BBC Entrepreneurial Training and Consulting
    • Search

HomeFederal FundingConfusing SBIR/STTR Reporting Procedures Take a Step toward Uniformity

Confusing SBIR/STTR Reporting Procedures Take a Step toward Uniformity

January 11th, 2013 | by Kris Bergman
Tags: , , , ,

It seems fair that SBIR and STTR awardees should have to report to the government on the use of their grant and contract dollars. In the past, however, awardees – especially those with awards from multiple agencies – have been confronted with widely differing reporting requirements set by the 11 participating agencies. Each one has had its own reporting schedule, forms, and procedures. Things are looking up, though. In an effort to manage federal dollars in a more uniform manner, a new reporting system called the Research Performance Progress Report (RPPR) has been developed.

Timing of the RPPR implementation will be different for each agency (naturally!). The Dept. of Energy has already implemented RPPR. NIH expects to require its use for non-competing reporting starting in spring 2013, with full implementation in July 2013. NSF anticipates a January 2013 release, and DoD does not expect to release until 2014. All agency implementation plans are listed here.

For NIH recipients, the RPPR will eventually replace the current eSNAP procedure for filing annual or other interim performance reports. The reports will be integrated into the eCommons. More information on NIH implementation is at:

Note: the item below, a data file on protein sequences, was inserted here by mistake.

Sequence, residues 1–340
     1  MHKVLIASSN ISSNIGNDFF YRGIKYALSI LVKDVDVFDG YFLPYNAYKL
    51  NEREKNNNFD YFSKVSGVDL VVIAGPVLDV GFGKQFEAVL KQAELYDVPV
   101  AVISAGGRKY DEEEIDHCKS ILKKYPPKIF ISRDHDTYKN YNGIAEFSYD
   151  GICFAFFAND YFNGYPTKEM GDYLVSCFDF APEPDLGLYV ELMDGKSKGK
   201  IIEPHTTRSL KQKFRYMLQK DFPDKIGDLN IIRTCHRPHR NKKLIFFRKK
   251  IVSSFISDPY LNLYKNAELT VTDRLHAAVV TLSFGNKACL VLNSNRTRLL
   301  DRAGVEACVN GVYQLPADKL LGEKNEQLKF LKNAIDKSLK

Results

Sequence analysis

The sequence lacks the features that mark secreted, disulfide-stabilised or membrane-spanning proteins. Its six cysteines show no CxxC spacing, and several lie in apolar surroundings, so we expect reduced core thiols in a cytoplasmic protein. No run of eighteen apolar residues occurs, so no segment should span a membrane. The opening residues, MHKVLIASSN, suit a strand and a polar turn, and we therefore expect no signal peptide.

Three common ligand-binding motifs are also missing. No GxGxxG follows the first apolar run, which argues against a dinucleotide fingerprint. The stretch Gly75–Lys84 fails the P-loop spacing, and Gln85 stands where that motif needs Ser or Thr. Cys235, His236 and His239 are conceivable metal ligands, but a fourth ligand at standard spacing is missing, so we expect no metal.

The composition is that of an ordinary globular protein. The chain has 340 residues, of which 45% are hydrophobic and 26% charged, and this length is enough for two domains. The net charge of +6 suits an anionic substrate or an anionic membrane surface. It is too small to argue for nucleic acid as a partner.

Blissfully, each agency will be collecting the same information using their respective websites, which, at a minimum, will be:

1. Basic institutional and project identifying data
2. Accomplishments from past activity period and goals for the upcoming activity period
3. Outcomes or “products” from the activity such as technologies and publications
4. Participants, including all persons that have contributed significantly to the activity, the role, their activity and their funding support. This section also asks about collaborators, including foreign collaborators.
5. Impact of the project and major contributions: e.g. to the discipline, human resources (e.g. teaching, training), public knowledge, social conditions
6. Changes to the project: delay in plans, changes in approach, compliance (animal use, human subject involvement, biohazards), project expenditures

Other agency-specific information may also be requested. Taking some time to check it out now will help you understand what you will be required to report and save you from wasting effort later.


Kris Bergman consults with BBC clients on matters of grants and contracts management.

read the blog

Blog Topics

Join Our Mailing List